Wednesday, June 6, 2012


To see a world in a grain of sand,
And a heaven in a wild flower,
Hold infinity in the palm of your hand,
And eternity in an hour.
I didn't know what to expect as I left work to head down to the park, but saw that the clouds had begun to dissipate around the sun. It's once in every hundred years or so that this thing happens and while my Skeptical Friend along for this venture might scoff, I did send a quick prayer up that morning for a clear sky that night instead of the usual clouds of Clevelandia, and behold it was answered.

An evening of science and slackitude commenced, of looking through telescopes at sunspots and the corona of flares shooting out from the sun, gazing through a viewer that blotted out everything except the light so intense, and everyone was so friendly around us overgrown straunge folk. Maybe there was a sense of geekness solidarity in that camaraderie that I don't find at most events involving people I don't know who don't necessarily know each other. Bridget says and shows it well here. People seemed smart and nice and that's not something I always see, and while I have little faith in humanity, the interactions that we had with everyone kind of made me feel warm inside, the way that people shared their super expensive telescopes with us and showed us things.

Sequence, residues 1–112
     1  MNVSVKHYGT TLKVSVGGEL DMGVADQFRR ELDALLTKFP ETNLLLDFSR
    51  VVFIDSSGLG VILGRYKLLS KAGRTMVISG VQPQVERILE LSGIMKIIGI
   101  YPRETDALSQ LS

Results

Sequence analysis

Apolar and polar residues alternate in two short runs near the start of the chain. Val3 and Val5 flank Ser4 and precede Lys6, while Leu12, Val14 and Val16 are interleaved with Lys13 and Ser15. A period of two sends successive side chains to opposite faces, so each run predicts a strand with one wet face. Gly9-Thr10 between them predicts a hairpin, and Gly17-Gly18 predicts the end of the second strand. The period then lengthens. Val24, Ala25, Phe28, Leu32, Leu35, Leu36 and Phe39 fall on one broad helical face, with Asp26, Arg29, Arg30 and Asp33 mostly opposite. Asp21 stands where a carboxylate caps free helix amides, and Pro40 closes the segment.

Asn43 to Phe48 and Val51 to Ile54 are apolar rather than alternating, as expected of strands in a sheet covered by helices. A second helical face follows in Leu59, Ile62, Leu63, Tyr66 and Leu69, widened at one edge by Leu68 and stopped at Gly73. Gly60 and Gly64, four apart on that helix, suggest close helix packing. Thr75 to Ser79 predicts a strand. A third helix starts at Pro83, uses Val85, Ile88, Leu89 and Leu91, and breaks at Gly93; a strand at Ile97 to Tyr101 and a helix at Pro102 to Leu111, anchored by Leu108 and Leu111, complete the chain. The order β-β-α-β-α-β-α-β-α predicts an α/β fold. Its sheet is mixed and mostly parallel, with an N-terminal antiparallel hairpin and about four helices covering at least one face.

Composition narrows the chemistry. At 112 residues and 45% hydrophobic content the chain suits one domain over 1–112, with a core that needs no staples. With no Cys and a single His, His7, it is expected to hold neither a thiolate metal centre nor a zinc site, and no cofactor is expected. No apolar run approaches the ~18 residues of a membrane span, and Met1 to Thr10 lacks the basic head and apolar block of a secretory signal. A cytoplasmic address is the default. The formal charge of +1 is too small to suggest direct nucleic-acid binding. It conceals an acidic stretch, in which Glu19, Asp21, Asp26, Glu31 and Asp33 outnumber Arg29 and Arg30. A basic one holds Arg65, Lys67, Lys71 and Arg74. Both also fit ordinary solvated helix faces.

I saw Saturn tiny in the viewfinder, the orb a hundred times the size of my planet a mere inch across, its rings and all. The sense of near-infinity and the vastness of space hits me so hard, the smallness and the awe.

We made a night of it, walked around the park, drank whiskey out of a flask on the beach, tossed a frisbee in the darkness, sat on the rocks and watched the water and stargazed. We probably would have built a fire out of the driftwood if we knew we wouldn't be hassled by The Man, and about a half hour before midnight I took leave to drive home and fall promptly asleep, having been up since 4am. I woke up this morning still feeling a little euphoric and full of wonder, falling in love with all these things I loved as a child once more with the same sense of amazement.

When I consider your heavens,  
    the work of your fingers,  
the moon and the stars,  
    which you have set in place, what is mankind that you are mindful of them,    human beings that you care for them...


  1. So that's why it was cloudy in Columbus. All the heathens were too busy drinkin' to pray.


  3. If,
    that's what we heard. It's too bad for you 614-ers!

    I find it interesting he seems to be walking back some of the sentiments on the "Living With War" album...

    I'm afraid of the world.